Prior to taking the first steps on the rest of a walking journey, we have spent three nights getting over the flight and having a little squizz at Glasgow once again. Have to say, I am quite liking it. I've never utilised them before, but I am loving the hop-on, hop-off bus. It takes you round to all the sights, tells you all about them in nine languages and a ghoulish kids version, and gives you the opportunity to get on and off at the ones you fancy. We bought a two day ticket for fourteen pounds. The hardest thing was deciding, in limited time, which sights to see. On day one we did the science museum (completely culturally irrelevant, but loads of fun and interaction, and they had ferrofluid—google it, it is simply the most magical thing you ever did see). Then we visited the Necropolis, a hill high above the cathedral and looking out over Glasgow, on, or in, which sits some fifty thousand souls, dearly departed, for whome the most amazing monuments have been erected. For those who know him, you can imagine the ponderings on the ethereal nature of life and the futility of 'waiting for later' that this visit evoked in the boy.
On the train from London we had sat with a gentleman by the name of Andy who had made us a list of what he recommended we see in Glasgow. He had also pointed us in the direction of some of the best houses of curry in the city. Glasgow is renowned for being one of the best places on the planet for Indian curry. We went to a tiny little restaurant close to us, coincidently called The Wee Curry Shop. It was tiny, packed and we had to go to the pub for forty-five minutes before we could even get in, but it was the, no, let me correct myself, THE, best curry. Ever. The boy, in typical understatement said: 'Well, it was nice.' Admittedly it was quite spicy. I think he was sweating.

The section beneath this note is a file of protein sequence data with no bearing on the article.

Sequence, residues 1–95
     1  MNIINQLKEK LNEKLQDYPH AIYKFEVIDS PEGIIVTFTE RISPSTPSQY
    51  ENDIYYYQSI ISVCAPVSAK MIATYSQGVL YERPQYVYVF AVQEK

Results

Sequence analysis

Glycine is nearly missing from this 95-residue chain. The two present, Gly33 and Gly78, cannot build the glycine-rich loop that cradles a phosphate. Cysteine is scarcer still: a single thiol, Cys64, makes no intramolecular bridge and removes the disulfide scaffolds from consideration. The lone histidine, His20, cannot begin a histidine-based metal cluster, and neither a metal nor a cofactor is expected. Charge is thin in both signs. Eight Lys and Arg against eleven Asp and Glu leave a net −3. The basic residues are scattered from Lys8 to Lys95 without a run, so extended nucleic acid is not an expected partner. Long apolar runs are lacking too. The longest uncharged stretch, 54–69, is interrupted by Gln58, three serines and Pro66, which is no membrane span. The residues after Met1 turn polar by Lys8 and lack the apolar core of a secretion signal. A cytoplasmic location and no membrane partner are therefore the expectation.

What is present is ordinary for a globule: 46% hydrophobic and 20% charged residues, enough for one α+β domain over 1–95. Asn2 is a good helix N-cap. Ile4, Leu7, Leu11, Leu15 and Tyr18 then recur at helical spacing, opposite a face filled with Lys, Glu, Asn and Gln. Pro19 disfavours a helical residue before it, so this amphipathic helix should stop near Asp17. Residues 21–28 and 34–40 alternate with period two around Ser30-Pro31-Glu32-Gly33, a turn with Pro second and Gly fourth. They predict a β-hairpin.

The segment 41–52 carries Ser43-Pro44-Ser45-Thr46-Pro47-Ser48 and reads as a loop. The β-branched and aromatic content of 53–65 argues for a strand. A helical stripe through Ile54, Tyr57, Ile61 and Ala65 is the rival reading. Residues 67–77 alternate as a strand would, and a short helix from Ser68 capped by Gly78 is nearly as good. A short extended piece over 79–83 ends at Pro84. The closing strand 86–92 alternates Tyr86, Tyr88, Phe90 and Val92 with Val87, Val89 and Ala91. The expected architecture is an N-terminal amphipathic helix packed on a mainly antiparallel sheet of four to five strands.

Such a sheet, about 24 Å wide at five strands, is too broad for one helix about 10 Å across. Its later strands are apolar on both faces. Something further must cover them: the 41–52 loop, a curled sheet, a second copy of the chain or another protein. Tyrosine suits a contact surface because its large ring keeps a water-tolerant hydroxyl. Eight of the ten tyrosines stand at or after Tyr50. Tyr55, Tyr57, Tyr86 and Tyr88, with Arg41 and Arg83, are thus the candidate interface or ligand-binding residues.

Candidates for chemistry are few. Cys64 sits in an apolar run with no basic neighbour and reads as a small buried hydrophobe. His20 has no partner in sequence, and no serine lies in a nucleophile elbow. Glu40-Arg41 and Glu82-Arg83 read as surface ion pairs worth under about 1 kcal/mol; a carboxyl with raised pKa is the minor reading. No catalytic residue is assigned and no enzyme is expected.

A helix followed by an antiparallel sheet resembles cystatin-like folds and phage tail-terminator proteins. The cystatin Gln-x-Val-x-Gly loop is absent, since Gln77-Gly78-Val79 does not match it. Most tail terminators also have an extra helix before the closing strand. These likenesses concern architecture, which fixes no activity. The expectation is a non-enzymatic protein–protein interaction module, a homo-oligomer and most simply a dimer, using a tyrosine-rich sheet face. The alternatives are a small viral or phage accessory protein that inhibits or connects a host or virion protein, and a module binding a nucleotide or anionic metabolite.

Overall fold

The mad brownie uniform dash, the night shifts, the running around, the long flight, the Scottish summer weather have all conspired to give me a cold. I was a little less than lustrous for our second day of sightseeing in Glasgow. V—— relished and I wandered in the Riverside Museum, an amazingly designed building containing a transport museum, with a tall ship berthed alongside which you could board and explore. Then I relished and V—— wandered in the greenhouses at the Botanical gardens.
We shopped for dinner and spent the night in our flat. A friend told us about Airbnb. If you haven't seen it, try it. I just eavesdropped and told some ladies in a cafe there in Balmaha, middle-of-nowhere, Scotland, the same thing. It's effectively couch-surfing with a commercial aspect. You stay in people's rooms, flats, houses or castles. A huge range of amazing places to stay which are not hotels. We had a one bedroom apartment with a lounge, full kitchen, balcony, use of a leisure centre with pool, spa, sauna and steam room (which we didn't end up using), built in the old mill houses overlooking the Forth and Clyde canal and the city, all for less than a hotel would have cost us. It was a bit of a walk into town. But it's not like we couldn't use some training given the hundreds of kilometres we are about to embark on with no other physical build up! Tomorrow we say goodbye to this lovely bussed around, luxury apartmented, walking with only a day pack lifestyle and commence what we came to do. Deities help us!
Good night to Glasgow, good night to you. Reminiscing about my Travels over with: